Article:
Lebanon: Electricite Du Liban files lawsuit against protesters

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Protesters burn tires in front of EDL's headquarters in Beirut. (Photo: Haitham Moussawi)

By: Firas Abou-Mosleh, Rana Harbi, Azza el-Masri

Published Thursday, August 21, 2014

The board of directors at the government-owned Electricite Du Liban (EDL) have announced in a statement Tuesday that a “unanimous” decision has been made to sue Lebnan Makhoul, the head of the Contract Workers’ Committee, and Ahmed Shoaib and Bilal Bajou for “sealing the EDL’s doors, blocking both customers and employees from entering, and defaming the institution’s board of directors.”

The administrative board said that this step was “the only solution” to the crisis sparked by approximately 1,800 part-time workers, responsible for providing fee collection and maintenance services, who have yet to be given full-time employment.

Workers have blocked roads and burned tires across the country in Jwayya, Bint Jbeil, Sidon, and Tyre since the start of their open-ended strike on Monday, and barricaded the institution’s headquarters in Beirut’s Mar Mikhael neighborhood, preventing employees from entering.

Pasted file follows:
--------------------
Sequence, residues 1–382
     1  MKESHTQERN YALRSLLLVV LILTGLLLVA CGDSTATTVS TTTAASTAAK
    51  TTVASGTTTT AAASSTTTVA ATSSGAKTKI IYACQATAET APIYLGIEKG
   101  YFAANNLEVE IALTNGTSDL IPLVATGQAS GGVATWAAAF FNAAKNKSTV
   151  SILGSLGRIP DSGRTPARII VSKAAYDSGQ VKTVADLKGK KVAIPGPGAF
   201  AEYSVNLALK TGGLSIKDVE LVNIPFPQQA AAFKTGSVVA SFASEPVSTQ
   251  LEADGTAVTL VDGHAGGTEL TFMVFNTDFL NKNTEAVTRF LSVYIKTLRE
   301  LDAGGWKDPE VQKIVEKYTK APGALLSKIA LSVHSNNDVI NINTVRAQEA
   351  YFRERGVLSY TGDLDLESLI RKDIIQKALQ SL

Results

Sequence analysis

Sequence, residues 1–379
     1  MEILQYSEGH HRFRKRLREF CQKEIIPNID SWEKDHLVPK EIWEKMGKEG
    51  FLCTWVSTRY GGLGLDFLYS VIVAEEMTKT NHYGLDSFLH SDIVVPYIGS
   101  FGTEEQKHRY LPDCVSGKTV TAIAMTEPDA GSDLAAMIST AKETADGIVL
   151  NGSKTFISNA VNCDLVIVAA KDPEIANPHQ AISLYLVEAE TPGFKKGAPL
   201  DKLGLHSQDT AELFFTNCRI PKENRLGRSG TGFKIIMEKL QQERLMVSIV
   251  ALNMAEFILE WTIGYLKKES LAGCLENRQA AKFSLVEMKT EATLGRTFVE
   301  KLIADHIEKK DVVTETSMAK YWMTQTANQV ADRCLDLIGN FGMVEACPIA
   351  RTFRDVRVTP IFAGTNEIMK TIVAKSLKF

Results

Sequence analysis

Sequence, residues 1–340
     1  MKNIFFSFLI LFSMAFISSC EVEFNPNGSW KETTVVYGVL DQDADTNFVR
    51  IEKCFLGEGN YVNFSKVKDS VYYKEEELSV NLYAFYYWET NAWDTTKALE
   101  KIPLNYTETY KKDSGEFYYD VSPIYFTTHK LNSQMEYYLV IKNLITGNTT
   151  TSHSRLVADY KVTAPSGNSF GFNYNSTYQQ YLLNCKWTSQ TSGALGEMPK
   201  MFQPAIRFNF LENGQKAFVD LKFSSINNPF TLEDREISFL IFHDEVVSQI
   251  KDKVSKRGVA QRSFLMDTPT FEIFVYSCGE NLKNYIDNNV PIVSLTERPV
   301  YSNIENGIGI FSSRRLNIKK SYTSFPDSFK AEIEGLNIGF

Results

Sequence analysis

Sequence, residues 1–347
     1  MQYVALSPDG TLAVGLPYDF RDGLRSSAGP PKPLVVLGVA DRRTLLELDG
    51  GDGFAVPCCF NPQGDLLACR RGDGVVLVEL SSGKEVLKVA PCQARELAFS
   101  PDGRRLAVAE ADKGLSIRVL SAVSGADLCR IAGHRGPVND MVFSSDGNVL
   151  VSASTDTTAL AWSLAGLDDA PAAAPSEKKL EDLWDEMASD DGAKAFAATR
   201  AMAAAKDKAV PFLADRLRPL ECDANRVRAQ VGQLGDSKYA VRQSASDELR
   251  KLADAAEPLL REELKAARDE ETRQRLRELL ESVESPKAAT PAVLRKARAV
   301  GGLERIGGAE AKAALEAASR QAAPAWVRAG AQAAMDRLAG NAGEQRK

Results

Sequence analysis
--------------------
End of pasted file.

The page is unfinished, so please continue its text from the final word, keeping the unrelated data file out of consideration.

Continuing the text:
EDL has agreed to promote only 897 of 1,391 technical and administrative employees, who work for subsidiary companies that only employ them temporarily, and who had sent reports to their heads of departments highlighting the need for full-time employment.

Even though the public company said it was merely implementing the results of a law parliament passed in April, Makhoul had said on August 11 that protests would continue until EDL reverses its decision.

In August 2012, part time workers ended a three month strike after an agreement was reached with officials on the issue of full time contracts, but a draft bill was never approved. In April, workers protested again parliament's failure to approve a draft law that could grant over 1,000 of them full time contracts and benefits. However, MPs passed a watered-down version of the law and EDL announced that less than half of its contract workers would be employed full-time, pushing the workers to take to the streets in protest last week.